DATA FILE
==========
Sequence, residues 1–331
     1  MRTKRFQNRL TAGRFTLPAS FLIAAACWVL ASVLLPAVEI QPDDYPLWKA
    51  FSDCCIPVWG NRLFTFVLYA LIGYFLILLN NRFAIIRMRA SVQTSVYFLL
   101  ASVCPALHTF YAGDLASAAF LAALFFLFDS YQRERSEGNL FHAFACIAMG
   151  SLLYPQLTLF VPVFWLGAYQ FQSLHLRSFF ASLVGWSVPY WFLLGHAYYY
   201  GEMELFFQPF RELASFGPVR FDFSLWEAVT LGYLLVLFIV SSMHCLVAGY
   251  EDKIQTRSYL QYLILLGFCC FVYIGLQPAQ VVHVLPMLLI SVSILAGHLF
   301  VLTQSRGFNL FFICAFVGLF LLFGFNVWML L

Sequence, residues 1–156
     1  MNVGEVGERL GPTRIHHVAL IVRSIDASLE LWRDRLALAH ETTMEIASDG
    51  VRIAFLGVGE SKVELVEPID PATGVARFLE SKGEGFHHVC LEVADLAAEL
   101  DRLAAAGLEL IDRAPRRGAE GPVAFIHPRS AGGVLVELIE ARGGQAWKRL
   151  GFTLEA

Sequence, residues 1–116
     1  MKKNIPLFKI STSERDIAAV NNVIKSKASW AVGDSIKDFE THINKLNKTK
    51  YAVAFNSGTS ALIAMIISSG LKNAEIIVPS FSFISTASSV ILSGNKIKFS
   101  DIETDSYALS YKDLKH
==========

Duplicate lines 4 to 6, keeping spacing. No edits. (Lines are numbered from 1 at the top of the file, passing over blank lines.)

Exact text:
   101  ASVCPALHTF YAGDLASAAF LAALFFLFDS YQRERSEGNL FHAFACIAMG
   151  SLLYPQLTLF VPVFWLGAYQ FQSLHLRSFF ASLVGWSVPY WFLLGHAYYY
   201  GEMELFFQPF RELASFGPVR FDFSLWEAVT LGYLLVLFIV SSMHCLVAGY